First, Write a Marketing Plan

If you're a reader of this blog (or any other writers' blog,) you already understand the importance of marketing your own book. So I won't reiterate the importance of this here, but rather, I'll share some insight for what has and hasn't worked for me.

Here's what doesn't work: Having abstract marketing ideas. Abstract ideas only lead to procrastination, because the execution of abstract ideas is not a straightforward task. For example, if you think to yourself, "I'll hit up some local bookstores," but you don't know exactly what bookstores, how you'll "hit them up" or what you'll say, then you'll never do it.

The benefit of a written marketing plan is both organizational and psychological. As long as the list is in front of you with items still not checked off, it's easier to keep a positive attitude - even if your book isn't flying off the shelves like you wanted it to - because you still have things you need to do in order to sell it.

So, first, write down a step-by-step, concrete, crystal clear list of action items that can be checked off as you go. Ideally, you should write this plan long before your book comes out, so that you have time to prepare all of the required materials, your 30-second elevator pitch, your hook, and all of the other details that you'll need in order to execute it. Here's the snippet of mine that relates to bookstores:
  1. Research local bookstores online to identify indie stores in your area. Here's an indie bookstore finder that you can use to get started.
  2. Generate a list of the stores who might be interested in carrying your novel. Here's a list of indie bookstores in the Southern California area, with notes about each one and contact info. (If you live in Southern California, I've already done steps 1 and 2 of this plan for you.)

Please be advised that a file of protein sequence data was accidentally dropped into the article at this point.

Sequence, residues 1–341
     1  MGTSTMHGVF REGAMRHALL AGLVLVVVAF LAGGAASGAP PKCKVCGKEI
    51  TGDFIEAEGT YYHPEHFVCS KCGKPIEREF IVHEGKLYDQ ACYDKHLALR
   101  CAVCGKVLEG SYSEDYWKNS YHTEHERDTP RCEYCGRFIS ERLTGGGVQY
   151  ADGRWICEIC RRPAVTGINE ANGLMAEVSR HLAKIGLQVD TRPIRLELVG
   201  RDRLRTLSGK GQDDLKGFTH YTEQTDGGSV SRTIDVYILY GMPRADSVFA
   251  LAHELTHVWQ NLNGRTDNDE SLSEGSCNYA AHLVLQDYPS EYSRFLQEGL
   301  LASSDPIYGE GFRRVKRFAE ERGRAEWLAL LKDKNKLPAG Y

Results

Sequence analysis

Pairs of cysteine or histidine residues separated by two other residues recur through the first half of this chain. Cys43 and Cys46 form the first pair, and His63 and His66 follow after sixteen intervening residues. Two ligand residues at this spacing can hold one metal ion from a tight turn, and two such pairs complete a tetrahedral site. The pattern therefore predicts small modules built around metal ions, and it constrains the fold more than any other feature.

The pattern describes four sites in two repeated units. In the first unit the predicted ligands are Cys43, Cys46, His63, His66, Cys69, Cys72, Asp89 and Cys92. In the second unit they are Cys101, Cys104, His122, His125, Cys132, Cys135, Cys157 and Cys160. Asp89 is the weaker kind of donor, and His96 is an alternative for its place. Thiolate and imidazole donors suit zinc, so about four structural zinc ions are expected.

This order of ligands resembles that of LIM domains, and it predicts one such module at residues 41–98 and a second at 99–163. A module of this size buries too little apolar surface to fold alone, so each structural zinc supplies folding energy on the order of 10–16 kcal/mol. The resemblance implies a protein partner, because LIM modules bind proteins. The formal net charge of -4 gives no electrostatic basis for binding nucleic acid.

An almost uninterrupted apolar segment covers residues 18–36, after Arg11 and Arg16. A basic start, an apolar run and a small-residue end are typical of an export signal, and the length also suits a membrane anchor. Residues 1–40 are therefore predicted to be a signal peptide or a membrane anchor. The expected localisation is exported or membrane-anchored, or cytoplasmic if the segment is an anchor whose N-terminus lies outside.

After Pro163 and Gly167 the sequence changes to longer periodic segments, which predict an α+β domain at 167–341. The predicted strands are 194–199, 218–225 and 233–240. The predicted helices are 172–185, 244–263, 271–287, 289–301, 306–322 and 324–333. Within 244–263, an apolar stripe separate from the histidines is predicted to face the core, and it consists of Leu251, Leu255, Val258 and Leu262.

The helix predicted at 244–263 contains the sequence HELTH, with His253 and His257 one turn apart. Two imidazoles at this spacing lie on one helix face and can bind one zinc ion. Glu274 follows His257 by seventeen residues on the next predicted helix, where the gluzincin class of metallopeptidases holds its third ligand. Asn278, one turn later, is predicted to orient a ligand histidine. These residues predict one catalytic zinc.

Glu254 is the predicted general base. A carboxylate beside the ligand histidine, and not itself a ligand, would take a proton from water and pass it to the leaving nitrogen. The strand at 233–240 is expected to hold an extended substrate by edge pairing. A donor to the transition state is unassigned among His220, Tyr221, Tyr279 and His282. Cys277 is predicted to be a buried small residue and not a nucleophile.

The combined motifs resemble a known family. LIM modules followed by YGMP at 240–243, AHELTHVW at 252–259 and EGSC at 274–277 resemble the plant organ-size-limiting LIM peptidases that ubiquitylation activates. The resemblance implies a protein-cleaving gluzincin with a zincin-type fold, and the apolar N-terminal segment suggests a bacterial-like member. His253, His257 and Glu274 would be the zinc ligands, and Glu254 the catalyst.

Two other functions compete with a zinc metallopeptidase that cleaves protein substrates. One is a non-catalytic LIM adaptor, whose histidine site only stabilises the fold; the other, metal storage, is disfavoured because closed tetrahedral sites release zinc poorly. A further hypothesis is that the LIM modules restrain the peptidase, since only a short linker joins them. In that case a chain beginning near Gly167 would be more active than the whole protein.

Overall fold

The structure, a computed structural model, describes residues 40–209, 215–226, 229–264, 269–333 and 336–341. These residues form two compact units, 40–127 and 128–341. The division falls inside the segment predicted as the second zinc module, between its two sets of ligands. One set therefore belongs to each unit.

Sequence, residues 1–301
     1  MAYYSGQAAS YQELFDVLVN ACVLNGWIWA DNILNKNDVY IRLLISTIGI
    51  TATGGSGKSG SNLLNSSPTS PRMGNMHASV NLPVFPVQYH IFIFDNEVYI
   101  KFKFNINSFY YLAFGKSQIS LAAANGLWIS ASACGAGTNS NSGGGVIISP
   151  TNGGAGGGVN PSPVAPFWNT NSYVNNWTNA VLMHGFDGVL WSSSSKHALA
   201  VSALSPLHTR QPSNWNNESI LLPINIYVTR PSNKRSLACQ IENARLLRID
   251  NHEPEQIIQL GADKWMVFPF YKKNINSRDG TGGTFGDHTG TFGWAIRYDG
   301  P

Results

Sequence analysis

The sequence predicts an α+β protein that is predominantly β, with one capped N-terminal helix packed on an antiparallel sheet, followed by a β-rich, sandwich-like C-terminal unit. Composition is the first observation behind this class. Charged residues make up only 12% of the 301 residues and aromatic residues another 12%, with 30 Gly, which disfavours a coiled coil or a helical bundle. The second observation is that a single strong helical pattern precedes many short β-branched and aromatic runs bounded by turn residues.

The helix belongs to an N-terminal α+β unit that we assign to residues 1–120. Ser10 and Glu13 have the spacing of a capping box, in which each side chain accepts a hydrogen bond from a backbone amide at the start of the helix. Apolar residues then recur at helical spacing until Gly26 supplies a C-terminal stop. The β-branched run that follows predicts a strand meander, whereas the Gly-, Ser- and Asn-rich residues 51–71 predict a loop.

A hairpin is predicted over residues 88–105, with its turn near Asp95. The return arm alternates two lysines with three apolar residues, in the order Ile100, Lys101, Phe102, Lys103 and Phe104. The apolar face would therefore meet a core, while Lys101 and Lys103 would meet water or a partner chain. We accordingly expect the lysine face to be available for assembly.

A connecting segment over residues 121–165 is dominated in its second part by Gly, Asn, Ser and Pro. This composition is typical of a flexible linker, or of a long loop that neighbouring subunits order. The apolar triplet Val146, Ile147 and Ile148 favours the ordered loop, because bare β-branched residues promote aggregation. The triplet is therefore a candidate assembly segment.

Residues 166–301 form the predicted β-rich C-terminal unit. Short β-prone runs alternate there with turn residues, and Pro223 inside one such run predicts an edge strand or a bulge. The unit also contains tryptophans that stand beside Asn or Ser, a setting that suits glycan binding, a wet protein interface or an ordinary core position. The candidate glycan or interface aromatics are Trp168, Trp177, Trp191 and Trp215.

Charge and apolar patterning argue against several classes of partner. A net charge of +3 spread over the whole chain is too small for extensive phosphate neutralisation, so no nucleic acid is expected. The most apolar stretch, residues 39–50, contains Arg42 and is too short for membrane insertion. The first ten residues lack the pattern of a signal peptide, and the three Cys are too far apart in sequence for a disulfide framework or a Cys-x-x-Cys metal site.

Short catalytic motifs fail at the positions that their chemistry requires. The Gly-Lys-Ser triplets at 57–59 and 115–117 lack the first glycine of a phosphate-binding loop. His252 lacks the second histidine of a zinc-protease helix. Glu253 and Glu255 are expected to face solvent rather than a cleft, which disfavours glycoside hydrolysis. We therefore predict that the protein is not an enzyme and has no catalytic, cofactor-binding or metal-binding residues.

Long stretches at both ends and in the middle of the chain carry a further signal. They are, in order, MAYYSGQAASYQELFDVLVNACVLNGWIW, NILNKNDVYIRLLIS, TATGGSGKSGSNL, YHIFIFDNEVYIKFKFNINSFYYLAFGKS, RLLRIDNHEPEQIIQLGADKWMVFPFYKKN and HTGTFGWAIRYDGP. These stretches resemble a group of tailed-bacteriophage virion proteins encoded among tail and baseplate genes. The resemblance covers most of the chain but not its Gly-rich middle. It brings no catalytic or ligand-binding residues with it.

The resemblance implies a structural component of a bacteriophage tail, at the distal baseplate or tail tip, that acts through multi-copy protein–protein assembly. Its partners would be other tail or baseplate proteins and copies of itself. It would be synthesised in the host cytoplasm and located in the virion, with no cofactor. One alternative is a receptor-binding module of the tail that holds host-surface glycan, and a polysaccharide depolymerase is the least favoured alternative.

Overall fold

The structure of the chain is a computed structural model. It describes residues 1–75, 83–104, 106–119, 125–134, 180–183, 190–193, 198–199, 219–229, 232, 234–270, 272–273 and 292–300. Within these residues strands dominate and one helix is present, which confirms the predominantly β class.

3. Call the bookstores and ask whether or not they carry:
    1. New books
    2. Mysteries/thrillers
    3. Local authors
    4. Self-published
  4. If no, cross off list.
  5. If yes, ask to speak to the person who sets up events and/or the book-buyer.
    1. Offer 30 second elevator pitch about book
    2. Offer to deliver introductory/press kit
      1. Copy of novel
      2. Book flyers
      3. Business cards
      5. Printed reviews
    3. Emphasize 100% returnable
    4. Emphasize that Baker&Taylor and Ingram are in place
    5. Try to set up a signing or other event
The above example is just one aspect of the overall marketing plan (marketing to and within bookstores,) but you get the idea. A word about steps 3-5: actual discussions with bookstores can be done either on the phone, via e-mail, or in person. Personally, I made the mistake of wasting a bit of time and gas driving around to bookstores that never would have supported my book (whoops!) As an example, bookstores that carry mostly used books are a tough sell. Their clientele don't enter the bookstore expecting to pay full price for any book, so the odds of an unheard-of debut novel selling there are slim. Most used bookstores won't even try.

After that day, I figured out that step #3 should always be done over the phone.

For step #5, I now use my judgement when calling about step #3. If I get the feeling that I'm talking to a bookstore owner and/or buyer, and that person seems to be receptive and have time to speak to me, I'll continue the discussion on the phone. If they seem in a hurry to hang up, or if they're not the right contact person, then I'll try to set an appointment to discuss things further. 

Execute Your Marketing Plan - Step by Step, Day by Day

My overall marketing plan for The Vesuvius Isotope is ten pages long. On top of that, I have multiple additional lists of things I need in order to execute the plan (such as the mother bookstore list I started out with, which in itself was 15 pages long.) Hence, the benefit of having this stuff in place *before* your book comes out.

To execute the plan, set aside a chunk of time each day for exclusive focus on marketing. Have a day-runner with one or more bullet points from your marketing plan assigned to each day. Then do the work and cross off the bullet points each day. It's as simple as that. If you can't call every bookstore in L.A. in a day, just block off the chunk that you *will* call each day and then get cracking. Next to each, annotate whether or not they answered the phone, what they said, and what your follow-up steps will be.